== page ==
The inspiration for tonights meal was by from my brother, who did me something like this a while back. A bean salad, with bread essentially.

Very simple: tin of mixed beans which I have had for quite a while — I think fresh would have been better; some fresh garlic, lightly chopped; olive oil; pepper; balsamic vinegar and lime juice. Served with an undressed green salad (with addition carrot and and parsnip), eaten with one of those boil-in-the-bag batton loafs.

Very simple, very nice. Back for more.

Originally published on my old blog site.

Having been in Vienna for a week, I thought I would comment on the food. In general, it’s very good. I can’t point my finger at a single bad meal (although several inappropriate ones — more later). The most common kind of food that I eat was Italian. As a world cuisine, it has the advantage of being the least offensive to all concerned. Both resturants that we tried were good; one of them managed to achieve a feet that I would have not believed possible and cooked a meal which might just have had too much garlic (gnocchi in garlic, chilli and olive oil). I eat Austrian food twice. One resturant mostly served boiled cow; here, I had Chanterelle mushrooms in white sauce which were nice, although the meal needed more variation. The other was for the conference dinner — queues were long, everything was meat, with the exception of fried, battered vegetables. The wine was not very good either. I think beer would have worked better for a meal consisting largely of bones. In general, conference meals were good though, although occasionally dull. The salads were really nice, although they kept running out. I guess the Viennese eat these as garnish, and served them in quantities appropriate for this.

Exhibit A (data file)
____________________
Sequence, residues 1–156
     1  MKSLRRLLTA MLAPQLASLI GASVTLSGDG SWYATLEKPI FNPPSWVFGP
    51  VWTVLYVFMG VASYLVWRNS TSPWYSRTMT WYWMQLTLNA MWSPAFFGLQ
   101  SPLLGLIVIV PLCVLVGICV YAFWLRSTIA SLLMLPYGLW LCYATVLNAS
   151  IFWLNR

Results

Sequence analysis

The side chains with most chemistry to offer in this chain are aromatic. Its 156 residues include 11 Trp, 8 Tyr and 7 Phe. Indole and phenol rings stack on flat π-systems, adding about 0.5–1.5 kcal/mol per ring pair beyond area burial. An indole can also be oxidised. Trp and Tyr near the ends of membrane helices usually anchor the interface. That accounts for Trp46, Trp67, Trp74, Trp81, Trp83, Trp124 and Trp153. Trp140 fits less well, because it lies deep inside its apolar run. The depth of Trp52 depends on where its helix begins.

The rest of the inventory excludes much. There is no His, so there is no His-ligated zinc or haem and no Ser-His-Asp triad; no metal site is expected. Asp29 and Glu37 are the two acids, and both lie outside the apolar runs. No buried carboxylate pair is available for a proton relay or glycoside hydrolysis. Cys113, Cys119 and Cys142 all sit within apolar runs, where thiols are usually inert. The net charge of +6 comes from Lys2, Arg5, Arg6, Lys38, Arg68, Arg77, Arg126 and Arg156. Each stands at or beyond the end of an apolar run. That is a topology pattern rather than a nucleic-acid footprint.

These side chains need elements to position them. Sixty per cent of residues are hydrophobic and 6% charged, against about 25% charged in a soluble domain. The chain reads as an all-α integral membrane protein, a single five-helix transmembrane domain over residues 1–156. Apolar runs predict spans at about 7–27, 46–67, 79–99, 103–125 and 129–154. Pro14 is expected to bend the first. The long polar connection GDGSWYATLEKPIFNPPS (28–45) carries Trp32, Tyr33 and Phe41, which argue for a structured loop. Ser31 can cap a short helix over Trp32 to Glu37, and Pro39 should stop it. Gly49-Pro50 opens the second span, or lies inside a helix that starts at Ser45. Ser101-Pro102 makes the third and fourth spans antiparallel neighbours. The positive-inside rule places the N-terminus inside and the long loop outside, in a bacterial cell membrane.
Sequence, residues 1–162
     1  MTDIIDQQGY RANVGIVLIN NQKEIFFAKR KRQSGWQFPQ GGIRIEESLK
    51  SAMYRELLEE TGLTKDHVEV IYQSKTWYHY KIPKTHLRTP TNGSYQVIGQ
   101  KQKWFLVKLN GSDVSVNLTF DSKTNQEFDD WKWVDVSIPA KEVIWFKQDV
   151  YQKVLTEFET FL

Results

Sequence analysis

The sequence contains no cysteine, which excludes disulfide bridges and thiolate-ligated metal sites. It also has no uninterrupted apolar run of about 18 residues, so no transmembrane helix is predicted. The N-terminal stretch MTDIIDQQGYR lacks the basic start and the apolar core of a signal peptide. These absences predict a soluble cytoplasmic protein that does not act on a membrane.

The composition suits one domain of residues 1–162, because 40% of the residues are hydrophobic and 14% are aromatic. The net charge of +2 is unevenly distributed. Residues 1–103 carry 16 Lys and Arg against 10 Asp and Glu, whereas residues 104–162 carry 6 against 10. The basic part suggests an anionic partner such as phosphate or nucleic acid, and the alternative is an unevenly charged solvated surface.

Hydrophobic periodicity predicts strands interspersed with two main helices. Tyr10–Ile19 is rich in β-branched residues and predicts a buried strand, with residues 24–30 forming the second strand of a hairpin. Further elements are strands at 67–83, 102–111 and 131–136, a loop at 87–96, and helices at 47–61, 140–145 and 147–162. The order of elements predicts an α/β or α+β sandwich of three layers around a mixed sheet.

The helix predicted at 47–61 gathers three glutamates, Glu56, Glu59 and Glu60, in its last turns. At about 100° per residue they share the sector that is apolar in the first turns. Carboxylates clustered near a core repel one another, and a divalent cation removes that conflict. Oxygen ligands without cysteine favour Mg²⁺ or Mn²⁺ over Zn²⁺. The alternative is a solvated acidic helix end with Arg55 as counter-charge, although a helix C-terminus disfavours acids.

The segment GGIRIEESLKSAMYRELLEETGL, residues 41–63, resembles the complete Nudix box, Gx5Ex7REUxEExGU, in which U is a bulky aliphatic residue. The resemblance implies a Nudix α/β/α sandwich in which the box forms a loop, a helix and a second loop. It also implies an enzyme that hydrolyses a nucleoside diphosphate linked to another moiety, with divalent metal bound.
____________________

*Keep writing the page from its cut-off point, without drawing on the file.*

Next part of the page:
The two highlights, though, were the the bakeries. I had croissant and coffee everyday. The coffee was rich, strong and without bitterness, while the croissants were delicious. The only exception here were the two breakfasts I had in the Ibis Hotel where I was staying; the croissant were stale and tasteless. And, finally, last night we found a Japanese. Not the greatest I’ve ever been too, but it hit the spot. The food was pleantiful, cheap and well cooked. I ended up having a second main meal, although we split it between two of us.

Originally published on my old blog site.

Blackfriars is a very posh resturant in Newcastle. I’ve been there a couple of times, and the food is reasonably good. On monday, I eat there; the veggie option is small but looked reasonable. I went for the stuffed aubergine in the end. It came with breadcrumbs and ratatouille (that is the contents of the aubergine cooked in tomato), rather than the cous cous that was on the menu; a pity as it happens, as the whole thing was rather too dry; something that would probably not have affected the cous cous.

In general, it’s confirmed my opinion. Blackfrairs is okay, but when you get down to it a polysyllabic menu, and artful arrangement on the plate does not make up for the unspiried dishes and a lack of flair for vegetarian food by the chef.

Course, the meat might be great. I can’t comment.

Originally published on my old blog site.